There is widespread trend in total hip replacement to limit soft tissue damage. New approaches that respect the capsule and ligaments has been recently reported. The potential advantages of this approach is to improve short-term results in terms of stability, pain, length of stay, transfusions and complications.Methods:
From October 2015 to March 2016 the two senior authors performed 21 hips using the Superpath® technique, the measured variables included age, sex, operative time, acetabular inclination, pain assessment using visual analogue scale at 24 hours, need for transfusion, length of stay and complications. Surgical technique is described.Results:
10 women and 11 men with a mean age of 56.57 (35-74) years. Average operating time was 102.85 (80-130) minutes. The mean acetabular inclination was 44.05 (26-60) degrees. The visual analogue scale (VAS) at 24 hours of the procedure was 2.38, standard deviation (SD) 0.9. The length of stay was on average 4.04 days 1.4 days shorter when compared with a cohort of patients treated using standard posterolateral. All patients were discharged to home. Two patients required transfusion, and in one patient with a calcar crack, crutches for 8 weeks were instructed. No patients were readmitted.Discussion:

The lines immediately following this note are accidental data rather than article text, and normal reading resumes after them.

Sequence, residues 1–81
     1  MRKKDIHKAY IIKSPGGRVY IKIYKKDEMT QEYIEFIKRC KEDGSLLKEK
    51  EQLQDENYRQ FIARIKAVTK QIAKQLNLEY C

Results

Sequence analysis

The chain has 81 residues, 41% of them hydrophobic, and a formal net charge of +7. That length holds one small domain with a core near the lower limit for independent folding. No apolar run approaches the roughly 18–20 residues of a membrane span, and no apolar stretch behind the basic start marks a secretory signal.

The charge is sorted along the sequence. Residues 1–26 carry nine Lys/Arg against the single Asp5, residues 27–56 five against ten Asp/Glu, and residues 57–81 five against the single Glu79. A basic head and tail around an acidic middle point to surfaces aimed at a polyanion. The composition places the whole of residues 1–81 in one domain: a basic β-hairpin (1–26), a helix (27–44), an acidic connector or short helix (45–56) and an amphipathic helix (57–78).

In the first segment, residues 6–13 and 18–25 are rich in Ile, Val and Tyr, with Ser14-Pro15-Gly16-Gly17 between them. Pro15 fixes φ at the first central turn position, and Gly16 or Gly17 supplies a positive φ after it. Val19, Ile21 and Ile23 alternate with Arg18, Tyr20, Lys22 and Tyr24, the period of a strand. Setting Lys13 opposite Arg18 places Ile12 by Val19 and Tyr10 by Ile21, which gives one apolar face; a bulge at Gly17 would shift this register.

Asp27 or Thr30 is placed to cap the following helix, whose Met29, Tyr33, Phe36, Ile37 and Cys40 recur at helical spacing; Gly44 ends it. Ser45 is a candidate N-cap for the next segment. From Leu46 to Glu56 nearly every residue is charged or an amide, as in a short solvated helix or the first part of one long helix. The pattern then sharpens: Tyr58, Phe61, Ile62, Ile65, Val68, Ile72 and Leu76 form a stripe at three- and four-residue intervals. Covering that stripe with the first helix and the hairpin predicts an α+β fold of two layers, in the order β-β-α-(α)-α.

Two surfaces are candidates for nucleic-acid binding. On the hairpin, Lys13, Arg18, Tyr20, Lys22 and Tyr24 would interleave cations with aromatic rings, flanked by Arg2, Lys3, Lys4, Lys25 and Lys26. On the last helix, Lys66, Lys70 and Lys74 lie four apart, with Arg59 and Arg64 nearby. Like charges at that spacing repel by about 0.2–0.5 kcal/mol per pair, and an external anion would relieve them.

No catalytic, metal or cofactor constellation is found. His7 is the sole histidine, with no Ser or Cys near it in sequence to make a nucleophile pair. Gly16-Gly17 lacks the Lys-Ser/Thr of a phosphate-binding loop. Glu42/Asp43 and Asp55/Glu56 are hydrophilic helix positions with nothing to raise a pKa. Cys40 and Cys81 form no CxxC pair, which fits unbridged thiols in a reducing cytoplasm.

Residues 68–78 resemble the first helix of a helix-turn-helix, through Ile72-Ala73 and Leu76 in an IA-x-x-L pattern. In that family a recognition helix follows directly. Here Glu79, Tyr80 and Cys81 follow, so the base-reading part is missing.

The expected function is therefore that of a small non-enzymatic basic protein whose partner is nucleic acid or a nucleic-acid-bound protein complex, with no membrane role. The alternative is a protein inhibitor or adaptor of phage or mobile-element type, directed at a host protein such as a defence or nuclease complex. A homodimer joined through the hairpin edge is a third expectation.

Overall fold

The new generation of hip approaches have a strong anatomical basis, hip capsule preservation is a revolutionary concept, it ensures anatomical restoration, length and offset near to native joint. The Superpath® potentially minimises morbidity, reducing transfusion rates, allowing rapid recovery, shortening hospital stay and could save a significant cost to the healthcare system.